The Centers for Disease Control estimates that about 1 in 54 children have autism spectrum disorder (ASD). No matter the age, race, ethnicity, or socioeconomic group, children from all backgrounds are affected by neurodiversity.
Given the statistic, that means you or someone you know has a neurodiverse child. It’s one of the most common disorders among children, yet there are still so many misconceptions and misunderstandings of what it means to be a neurodiverse child and a parent of someone with ASD.
Fortunately, parents always root for their children who are not neurotypical, and they want to advocate for them. Here are some things parents of neurodiverse children want you to know.
You Can’t Always See Autism
The general population assumes that children and even adults with autism have identifiable facial features or habits. However, this is not true. Every single person with autism is different. Some have mild cases, and others are more severe. These stereotypes make it difficult for parents and children with autism because people assume that their child has autism because of a feature or personality.
Sometimes, schools, caregivers, organizations and coaches may deny a diagnosis because they can’t see it. Again, there is no distinguishing feature that tells you a child has autism, so accept the diagnosis when parents say their child has autism.
Children with Autism Process Things Differently
Children on the Autism Spectrum often process things differently because their brains work differently. They’ll even process things that neurotypical people take for granted. Things like bright lights, crowds, and loud noises can often lead to a meltdown or extreme anxiety.
Unfortunately, when a child with autism has a meltdown in the middle of a public place, people will stop and stare or make rude comments. Instead, you should ask the parent if they need any assistance or avoid giving dirty looks and making any comments.
“Autistic” Isn’t the Only Thing Defining the Child
A child who has autism is first and foremost a child. Autism isn’t the only thing defining them. It’s simply something that happened to the child and is a diagnosis. The neurodiverse child is unique, has likes and dislikes and loves to play and laugh just like everyone else.
Begin seeing children with autism as a child before anything else. Don’t point out differences brought about by their autism diagnosis. Accept them for who they are and treat them as you would any other child.
The Neurodiverse Child Wants to Play with Yours
Children with autism often don’t feel comfortable leaving home because they think that other kids and adults will look at them and treat them differently or negatively. This leads to further misunderstanding of neurodiverse children.
If your child knows someone on the Autism Spectrum, encourage your child to play with them. Despite their diagnosis, they’re still a kid and want to play a board game, slide down a slide, and kick a ball. Children with autism enjoy playing with their peers, and they can significantly benefit from social interaction.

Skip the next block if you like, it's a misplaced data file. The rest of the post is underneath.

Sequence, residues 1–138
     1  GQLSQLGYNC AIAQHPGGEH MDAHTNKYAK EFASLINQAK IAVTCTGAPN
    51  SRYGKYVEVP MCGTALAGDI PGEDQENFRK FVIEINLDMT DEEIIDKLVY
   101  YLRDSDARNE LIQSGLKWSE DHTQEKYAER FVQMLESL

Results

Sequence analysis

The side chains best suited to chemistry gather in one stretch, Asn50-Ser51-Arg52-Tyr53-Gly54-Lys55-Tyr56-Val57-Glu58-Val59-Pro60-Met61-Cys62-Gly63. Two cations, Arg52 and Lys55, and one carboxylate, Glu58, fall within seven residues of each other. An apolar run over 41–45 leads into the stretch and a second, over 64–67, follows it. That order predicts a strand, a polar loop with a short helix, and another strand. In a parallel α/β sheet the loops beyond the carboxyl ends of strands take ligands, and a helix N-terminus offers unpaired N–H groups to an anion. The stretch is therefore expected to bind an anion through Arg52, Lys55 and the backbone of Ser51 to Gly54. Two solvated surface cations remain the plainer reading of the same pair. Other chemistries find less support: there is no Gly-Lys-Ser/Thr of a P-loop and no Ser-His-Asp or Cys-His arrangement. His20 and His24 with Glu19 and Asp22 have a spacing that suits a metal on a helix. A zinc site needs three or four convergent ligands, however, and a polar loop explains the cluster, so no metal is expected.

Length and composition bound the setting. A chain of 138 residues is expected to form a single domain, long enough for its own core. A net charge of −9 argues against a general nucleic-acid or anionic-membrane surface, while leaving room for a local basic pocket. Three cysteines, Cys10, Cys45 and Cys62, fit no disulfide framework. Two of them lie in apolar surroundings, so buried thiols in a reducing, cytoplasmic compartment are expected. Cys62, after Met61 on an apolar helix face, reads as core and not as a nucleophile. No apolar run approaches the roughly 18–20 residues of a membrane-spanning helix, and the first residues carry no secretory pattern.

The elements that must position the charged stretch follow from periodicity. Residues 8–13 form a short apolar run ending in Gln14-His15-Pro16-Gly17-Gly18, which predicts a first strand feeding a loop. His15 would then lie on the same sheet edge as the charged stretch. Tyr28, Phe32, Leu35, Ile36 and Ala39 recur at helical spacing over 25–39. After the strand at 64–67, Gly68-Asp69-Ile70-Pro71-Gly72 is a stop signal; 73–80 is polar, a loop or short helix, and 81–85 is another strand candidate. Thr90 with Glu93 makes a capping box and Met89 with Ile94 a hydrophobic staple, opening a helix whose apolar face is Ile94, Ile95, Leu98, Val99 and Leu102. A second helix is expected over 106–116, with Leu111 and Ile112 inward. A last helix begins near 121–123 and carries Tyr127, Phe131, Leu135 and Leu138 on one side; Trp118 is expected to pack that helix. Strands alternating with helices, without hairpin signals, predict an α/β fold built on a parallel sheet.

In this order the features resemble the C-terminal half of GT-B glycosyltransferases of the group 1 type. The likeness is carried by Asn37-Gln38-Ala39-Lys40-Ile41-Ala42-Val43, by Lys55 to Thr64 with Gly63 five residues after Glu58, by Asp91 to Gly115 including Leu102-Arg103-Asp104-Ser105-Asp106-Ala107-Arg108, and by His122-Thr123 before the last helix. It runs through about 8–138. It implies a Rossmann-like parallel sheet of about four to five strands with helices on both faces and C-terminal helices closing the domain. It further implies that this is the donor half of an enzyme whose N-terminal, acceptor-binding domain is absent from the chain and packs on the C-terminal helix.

Children with Autism Work Hard
Society tends not to accommodate those with autism. That means that neurodiverse children have to work harder to fit into their surroundings, making it much more challenging for them to function almost anywhere they go. Autism creates a barrier with learning social skills, language and self-help skills, so when the public doesn’t accommodate those, the children have to work extremely hard.
Behind those hard-working children are also hard-working parents, teachers, therapists and caregivers who are doing what they can to help those children. While it may look like a child on the spectrum is acting like their neurotypical peers, they are actually working a lot harder to fit in and keep up.
Parents of Neurodiverse Children Know Their Child Best
Parents of children who are neurodiverse or neurotypical know their children best. All parents know exactly what their children like and dislike and their personality. Many parents of autistic children have spent a lot of time doing research and talking with doctors to learn more about their child’s condition.
They know how to prevent a meltdown. They know their child’s ticks. They know what their child needs at all times. Avoid giving advice and sharing every article you come across on Facebook about autism. Again, every child with autism is unique, and their parents know them best.
But They’re Not Autism Experts
Although parents of autistic children know their children best, they’re still not autism experts. If you want to learn more about autism or what it’s like to have autism, you should talk to someone on the Autism Spectrum.
Read blogs and articles written by someone with autism or have a conversation with someone who has autism. Parents of autistic children can tell you what it’s like living with someone neurodiverse, but they can’t fully explain what it’s like to have autism. The only people who can tell you what it’s like to have autism are those who have autism themselves. Break the stigma and have a conversation.
Children with Autism Need Acceptance — And So Do Parents
All in all, parents of neurodiverse children want you to know that they want to be accepted. Their child is just like any other child who wants to learn, play and fit in, but they need acceptance first. Learn more about autism and be an advocate for those with autism.